In his inaugural session as Senate minority leader, he padded this resume with his delighted discovery -- in much the manner of your average demented delinquent adolescent -- that the rules of the Senate could be stretched to enable him and his fellow storm troopers of the Far Right to shut down its business. (By all means credit Majority Leader Harry Reid and his brain trust with an assist, but it's still Miss Mitch and his team who did the dirty work.)

It's for all these reasons, and oh so many more, that with Miss Mitch's hold on his seat appearing surprisingly uncertain as the 2008 election season approached, a lot of us looked forward to a serious reelection challenge. However, thanks to the revolting combination of the power of Big Money and the craven Master Rahm-style machinations of DSCC tsar Chuck Schumer, Kentuckians wound up with a Democratic candidate, Bruce Lunsford, who's only slightly less revolting than revolting than the incumbent.

Here was Howie's take in his above-titled August 12 post:

"It's unfortunate that McConnell's opponent, reactionary corporate Democrat Bruce Lunsford is the worst Democrat running for the Senate this year and can pretty much go toe to toe with McConnell when it comes to corruption. There's nothing that would ever make me vote for either one of these characters. I hope they both lose." [emphasis added]

Now it appears that with the rising Democratic tide, despite a predictably lame campaign, Lunsford may have a serious shot at ousting the unspeakable Mitch. And I guess this would be a good thing. Still, let's not kid ourselves that having Lunsford on his side will embolden Majority Leader Reid to steer the Senate in a bolder or more enlightened mode.

Or will it?

Now we have Willard declaring that Lunsford as a senator "will be a reliable vote for the Democrats"!

Now I'm not a lawyer, but even I know that when candidate Lunsford claims to be a Democrat, that doesn't tell us anything about how he'll vote. Why, even Holy Joe Lieberman still claims -- sometimes, anyway -- to be a Democrat.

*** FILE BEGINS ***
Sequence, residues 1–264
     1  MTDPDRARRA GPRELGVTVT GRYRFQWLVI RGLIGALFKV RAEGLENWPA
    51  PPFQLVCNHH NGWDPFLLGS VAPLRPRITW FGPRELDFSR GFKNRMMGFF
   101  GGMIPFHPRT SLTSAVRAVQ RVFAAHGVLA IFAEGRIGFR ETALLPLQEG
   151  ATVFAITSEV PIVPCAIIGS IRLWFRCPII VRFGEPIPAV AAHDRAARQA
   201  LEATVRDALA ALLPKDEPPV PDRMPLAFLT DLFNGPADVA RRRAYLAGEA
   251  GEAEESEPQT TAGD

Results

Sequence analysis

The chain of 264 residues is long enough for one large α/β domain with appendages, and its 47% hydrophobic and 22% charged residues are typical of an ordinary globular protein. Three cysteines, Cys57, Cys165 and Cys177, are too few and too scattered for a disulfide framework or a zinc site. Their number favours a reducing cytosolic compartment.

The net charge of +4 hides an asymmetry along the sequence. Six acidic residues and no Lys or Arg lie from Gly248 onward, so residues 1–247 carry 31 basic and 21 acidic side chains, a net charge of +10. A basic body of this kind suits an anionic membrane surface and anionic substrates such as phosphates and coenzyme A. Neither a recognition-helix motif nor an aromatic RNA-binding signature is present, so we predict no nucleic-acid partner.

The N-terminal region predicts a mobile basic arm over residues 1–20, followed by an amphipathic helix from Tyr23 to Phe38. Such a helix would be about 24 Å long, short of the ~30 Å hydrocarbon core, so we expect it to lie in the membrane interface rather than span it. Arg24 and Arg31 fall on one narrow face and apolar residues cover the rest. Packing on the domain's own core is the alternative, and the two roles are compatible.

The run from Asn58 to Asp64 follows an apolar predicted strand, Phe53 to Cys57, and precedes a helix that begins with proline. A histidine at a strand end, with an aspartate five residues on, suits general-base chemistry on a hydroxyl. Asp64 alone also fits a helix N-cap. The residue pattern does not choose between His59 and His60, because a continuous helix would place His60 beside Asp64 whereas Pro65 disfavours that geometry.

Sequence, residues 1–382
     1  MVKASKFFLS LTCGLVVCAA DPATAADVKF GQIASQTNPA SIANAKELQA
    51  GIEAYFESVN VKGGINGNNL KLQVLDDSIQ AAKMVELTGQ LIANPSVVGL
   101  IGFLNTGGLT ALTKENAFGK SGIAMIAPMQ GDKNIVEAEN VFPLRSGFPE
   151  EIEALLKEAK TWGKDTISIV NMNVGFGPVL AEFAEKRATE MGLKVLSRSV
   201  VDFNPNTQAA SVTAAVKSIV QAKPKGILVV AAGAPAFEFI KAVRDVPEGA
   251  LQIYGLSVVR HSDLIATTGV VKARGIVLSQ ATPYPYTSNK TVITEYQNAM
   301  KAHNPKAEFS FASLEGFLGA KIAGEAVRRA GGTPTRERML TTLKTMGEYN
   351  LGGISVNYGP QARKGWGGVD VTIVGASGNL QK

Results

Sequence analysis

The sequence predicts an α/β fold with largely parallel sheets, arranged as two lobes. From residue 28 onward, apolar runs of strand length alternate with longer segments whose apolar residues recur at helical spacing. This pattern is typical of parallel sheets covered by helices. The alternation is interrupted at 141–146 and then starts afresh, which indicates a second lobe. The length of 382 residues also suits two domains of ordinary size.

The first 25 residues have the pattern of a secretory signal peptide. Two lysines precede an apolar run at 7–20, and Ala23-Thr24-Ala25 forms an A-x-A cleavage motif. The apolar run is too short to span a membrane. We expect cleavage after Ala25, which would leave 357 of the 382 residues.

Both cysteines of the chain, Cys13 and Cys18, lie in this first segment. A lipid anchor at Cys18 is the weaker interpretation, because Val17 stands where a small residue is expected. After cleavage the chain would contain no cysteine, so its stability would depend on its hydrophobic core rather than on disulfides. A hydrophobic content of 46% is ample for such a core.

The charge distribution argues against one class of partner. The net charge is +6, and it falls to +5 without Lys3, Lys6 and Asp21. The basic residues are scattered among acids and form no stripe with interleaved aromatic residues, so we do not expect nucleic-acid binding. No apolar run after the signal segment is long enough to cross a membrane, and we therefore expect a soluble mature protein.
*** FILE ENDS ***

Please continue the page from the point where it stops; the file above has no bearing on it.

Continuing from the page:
But when Willard promises that the bum "will be a reliable vote for the Democrats," isn't that, like, legally binding? Even if the structure of the sentence doesn't commit him to more than being a Democrats like Chuck Schumer, that would still separate him from name-only Democrats like the Nelson twins or Mary Landrieu, wouldn't it?


One note about the above-referenced e-appeal from Willard Romney on behalf of his bosom buddy Mitch McConnell. Okay, two notes, and that will be absolutely it.

(1) In his appeal, Willard writes: "Please take just a few minutes today to visit Mitch's website and make a donation of at least $25.

Um, uh, Mr. Willard, sir, do I really have to give at least $25? Isn't it customary to ask me to give, like, as much as I can afford -- with maybe a suggestion that $25 would be a helpful amount? But to order me to "make a donation of at least $25"? Isn't that, you know, just a teensy bit pushy?

(2) The graphic accompanying Willard's appeal is reproduced at the top of this post exactly as it appears in the e-appeal. And it's the only graphic element in the bloody thing. Is it just me, or is there a not-so-subliminal message here, a message that sort of doesn't include poor Mitch?

At the very least, I think this gives us a fairly accurate read of who is really on our Willard's mind.